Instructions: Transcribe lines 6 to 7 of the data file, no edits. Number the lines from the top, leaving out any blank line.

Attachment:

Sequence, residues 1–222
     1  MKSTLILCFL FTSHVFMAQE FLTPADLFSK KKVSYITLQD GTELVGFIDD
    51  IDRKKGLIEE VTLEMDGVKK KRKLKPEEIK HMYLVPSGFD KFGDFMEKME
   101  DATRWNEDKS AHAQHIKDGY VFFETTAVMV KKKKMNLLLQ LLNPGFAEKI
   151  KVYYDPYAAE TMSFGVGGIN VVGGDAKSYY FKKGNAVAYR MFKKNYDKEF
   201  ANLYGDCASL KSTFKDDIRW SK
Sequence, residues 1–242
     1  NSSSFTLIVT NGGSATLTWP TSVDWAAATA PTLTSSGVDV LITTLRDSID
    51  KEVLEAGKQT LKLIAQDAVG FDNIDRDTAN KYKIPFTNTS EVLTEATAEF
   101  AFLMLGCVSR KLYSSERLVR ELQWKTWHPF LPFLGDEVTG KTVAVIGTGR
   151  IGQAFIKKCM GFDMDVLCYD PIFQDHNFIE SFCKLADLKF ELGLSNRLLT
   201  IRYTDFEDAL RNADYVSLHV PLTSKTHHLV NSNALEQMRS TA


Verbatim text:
   201  ANLYGDCASL KSTFKDDIRW SK
Sequence, residues 1–242